Anyway, I don't drive, so Aaron's always on pavements and roads out and about with me. I thanked God for that many times this week, as he speeds off on the balance bike and it is impossible to keep up. Because he has been off reins for a LONG time he is sensible enough to stop at every curb and wait for me. Plus the fact that his feet are constantly in touch with the ground (well nearly always) means he is in good control. He only free wheels when going down a slope, which he did a lot yesterday and today, but in controlled spaces when he is doing "stunts" (on grass slopes not road/pavements). We BOTH learned our lesson from a couple of weeks ago when he went down a hill in Hampstead Heath and ended up with a cut knee - he is still sporting the plaster.
Anyway here are some pics from the last few days.
|Monday was mainly on paths next to grass but when we were on roads he knew to keep on the pavement and wait at EVERY curb!|
He zooms off, but bless him, he waits at every curb. I thank God he's spent the last 3 years being a pedestrian with me, and is therefore very road and pavement savvy. He also knows unexpected things happen.
As below he knows all about red and green men at pedestrian crossings.
A word of warning, do NOT 100% trust the green man and don't allow your child to either; Aaron knows not to go simply just because of a green man. He knows to get a verbal "yeah okay" from me. We had an incident a few months ago where a cop car went through a red light (green man to us) and did NOT have its sirens on. Worse still, it had stopped at the preceding junction (which is when we looked up). We then walked to the island, and it was when we were on the second half of the road that it decided to zoom through. Aaron was one step ahead of me (this was pre-balance bike) and I grabbed his hood, only just in time. Yes that cop got a tongue lashing from me.
|Tuesday on the way to Siobhan's|
I am right by his side the majority of the time, but what I would really love is if we were BOTH on bikes. In a previous post I explained how we got my bike out of the garage, after it not being used for 4 years. The local cycle repair man gave it a full service for only a fiver. I went out on it that day, but it was because the husband was with us, so if I sped off he could take up the rear and mind Aaron.
I haven't had the courage yet to go out just me and Aaron on our bikes.
When I was little my favourite Aunt used to cycle everywhere, including from Paddington, where she was a nurse at the time, all the way to Tottenham to see us. She used to take me out cycling but she would insist we cycled in the road, and not on the pavement. I used to stick like glue behind her, and as close to the curb as I could get. Boris seems determined to make cycling a big part of London life, what with the new Ride London event, which I think they are hoping will be as big as the London Marathon in years to come. At least when they are participating in that, they don't have to worry about traffic and car accidents, as lots of roads where cleared for them, much to the disdain of a lot of drivers. I heard many complaints on LBC 97.3 as the roads were closed way longer than they are for the marathon!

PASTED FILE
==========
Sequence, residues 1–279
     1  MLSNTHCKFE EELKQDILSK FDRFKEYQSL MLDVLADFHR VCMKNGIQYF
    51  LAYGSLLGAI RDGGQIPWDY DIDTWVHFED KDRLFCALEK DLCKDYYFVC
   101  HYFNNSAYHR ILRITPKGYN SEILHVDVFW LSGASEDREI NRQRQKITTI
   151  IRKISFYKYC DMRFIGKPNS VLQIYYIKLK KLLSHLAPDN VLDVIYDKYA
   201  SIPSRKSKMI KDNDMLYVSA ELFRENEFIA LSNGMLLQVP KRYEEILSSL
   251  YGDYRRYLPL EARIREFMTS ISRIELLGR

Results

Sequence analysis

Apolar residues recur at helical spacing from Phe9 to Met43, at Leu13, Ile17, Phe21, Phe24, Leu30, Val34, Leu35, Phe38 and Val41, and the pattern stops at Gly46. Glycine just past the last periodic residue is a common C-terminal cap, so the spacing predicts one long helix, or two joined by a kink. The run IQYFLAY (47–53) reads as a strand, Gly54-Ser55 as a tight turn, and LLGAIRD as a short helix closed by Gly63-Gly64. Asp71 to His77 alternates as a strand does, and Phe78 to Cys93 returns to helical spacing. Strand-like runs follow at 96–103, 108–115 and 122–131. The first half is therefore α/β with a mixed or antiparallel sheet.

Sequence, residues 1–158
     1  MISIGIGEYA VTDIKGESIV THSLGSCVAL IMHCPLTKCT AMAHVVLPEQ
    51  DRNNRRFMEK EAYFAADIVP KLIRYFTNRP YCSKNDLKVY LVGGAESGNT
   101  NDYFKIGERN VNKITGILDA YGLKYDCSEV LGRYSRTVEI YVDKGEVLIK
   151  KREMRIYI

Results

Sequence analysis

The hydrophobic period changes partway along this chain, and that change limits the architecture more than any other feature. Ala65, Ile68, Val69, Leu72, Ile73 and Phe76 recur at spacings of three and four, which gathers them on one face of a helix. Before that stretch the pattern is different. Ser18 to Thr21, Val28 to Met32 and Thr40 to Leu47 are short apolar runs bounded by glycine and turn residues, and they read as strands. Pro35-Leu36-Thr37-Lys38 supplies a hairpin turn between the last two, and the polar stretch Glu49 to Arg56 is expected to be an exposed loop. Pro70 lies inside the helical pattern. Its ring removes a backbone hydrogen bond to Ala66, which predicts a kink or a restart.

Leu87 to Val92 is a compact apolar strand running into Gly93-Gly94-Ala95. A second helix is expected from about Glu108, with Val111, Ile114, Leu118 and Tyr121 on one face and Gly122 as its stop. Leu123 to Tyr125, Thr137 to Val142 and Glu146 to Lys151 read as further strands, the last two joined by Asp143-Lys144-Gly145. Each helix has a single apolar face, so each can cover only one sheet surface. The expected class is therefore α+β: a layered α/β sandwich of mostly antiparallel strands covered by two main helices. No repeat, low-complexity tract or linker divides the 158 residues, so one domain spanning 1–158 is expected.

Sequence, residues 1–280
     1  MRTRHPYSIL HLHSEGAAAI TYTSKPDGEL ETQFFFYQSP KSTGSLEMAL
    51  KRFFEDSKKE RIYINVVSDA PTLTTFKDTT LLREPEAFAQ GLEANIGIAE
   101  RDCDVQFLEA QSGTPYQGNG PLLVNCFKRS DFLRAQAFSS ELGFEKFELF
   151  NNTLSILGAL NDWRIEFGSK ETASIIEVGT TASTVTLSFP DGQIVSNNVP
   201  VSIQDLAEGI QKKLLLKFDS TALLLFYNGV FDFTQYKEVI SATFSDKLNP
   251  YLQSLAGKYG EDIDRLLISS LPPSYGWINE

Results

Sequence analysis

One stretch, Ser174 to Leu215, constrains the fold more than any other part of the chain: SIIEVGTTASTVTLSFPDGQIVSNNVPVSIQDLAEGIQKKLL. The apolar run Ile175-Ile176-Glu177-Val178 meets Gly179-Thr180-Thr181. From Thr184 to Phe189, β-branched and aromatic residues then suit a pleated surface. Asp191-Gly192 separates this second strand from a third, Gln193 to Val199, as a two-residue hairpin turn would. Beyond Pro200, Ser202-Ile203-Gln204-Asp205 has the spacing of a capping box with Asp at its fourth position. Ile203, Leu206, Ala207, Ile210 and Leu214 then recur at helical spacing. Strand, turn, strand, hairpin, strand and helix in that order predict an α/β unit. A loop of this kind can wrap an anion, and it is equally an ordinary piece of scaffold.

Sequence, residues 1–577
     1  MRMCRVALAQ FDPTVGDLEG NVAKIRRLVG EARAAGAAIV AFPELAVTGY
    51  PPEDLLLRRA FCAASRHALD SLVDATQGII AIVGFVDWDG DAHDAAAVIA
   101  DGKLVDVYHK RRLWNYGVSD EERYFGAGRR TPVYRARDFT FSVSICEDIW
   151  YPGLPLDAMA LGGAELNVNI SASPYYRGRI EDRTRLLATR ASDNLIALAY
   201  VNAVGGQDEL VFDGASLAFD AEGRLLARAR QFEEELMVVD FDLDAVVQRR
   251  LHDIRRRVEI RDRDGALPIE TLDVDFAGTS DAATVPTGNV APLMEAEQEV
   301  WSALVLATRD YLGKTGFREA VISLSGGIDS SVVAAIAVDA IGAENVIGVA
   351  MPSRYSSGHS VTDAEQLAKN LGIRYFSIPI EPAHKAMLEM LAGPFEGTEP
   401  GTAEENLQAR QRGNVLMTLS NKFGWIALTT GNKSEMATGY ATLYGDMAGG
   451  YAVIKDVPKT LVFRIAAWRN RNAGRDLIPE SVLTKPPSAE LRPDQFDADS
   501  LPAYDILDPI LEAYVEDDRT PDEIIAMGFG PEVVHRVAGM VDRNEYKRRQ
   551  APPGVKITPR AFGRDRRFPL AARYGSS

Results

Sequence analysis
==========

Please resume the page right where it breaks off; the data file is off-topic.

In the red man green man photos above, we are on the way to Siobhan's and I have taken his bike off him for a second, so that he can press the button and cross the road. Normally I let him cross with the bike, but very slowly, and right by my side.
Aaron's only 3 but I would instil road safety from a very young age, as you can't account for everything, so to have them confident and as trust worthy as possible is important. When we are out and about I don't want him running in front of a car because his ball has gone in the road, or because he's seen a friend. I want him to know better. I want to keep my son safe.
We've seen the ambulances that arrive after a road traffic accident and Aaron is, bless him, very cautious. We've never had locks on our cupboards or drawers either, as for the same reason I believe teaching lessons is better than simply, you can't touch. I think they learn more, when they know the reasons for things. It is much more empowering. I spoke to him in full sentences since he was born, and now his vocabulary and speech is testament to that.
What road and pedestrian safety do you teach your child? Have you had any near misses you could tell us about so we don't make the same mistake? I think I will be telling my cop car story till the end of my days, as I truly never saw that coming. It shows, like we were told when we were little, it's not just look left, look right, but also LOOK AGAIN.
In terms of actually being on the road, in the car, I sit in the back with Aaron and he has a very good Britax car seat and I always have my seat belt on. We're often saying "slow down Daddy". The main thing, with being a pedestrian and being in a car, is watching for what other people are doing. It's all about being with it, and having the correct time to respond and react SAFELY.
Bye for now, Liska
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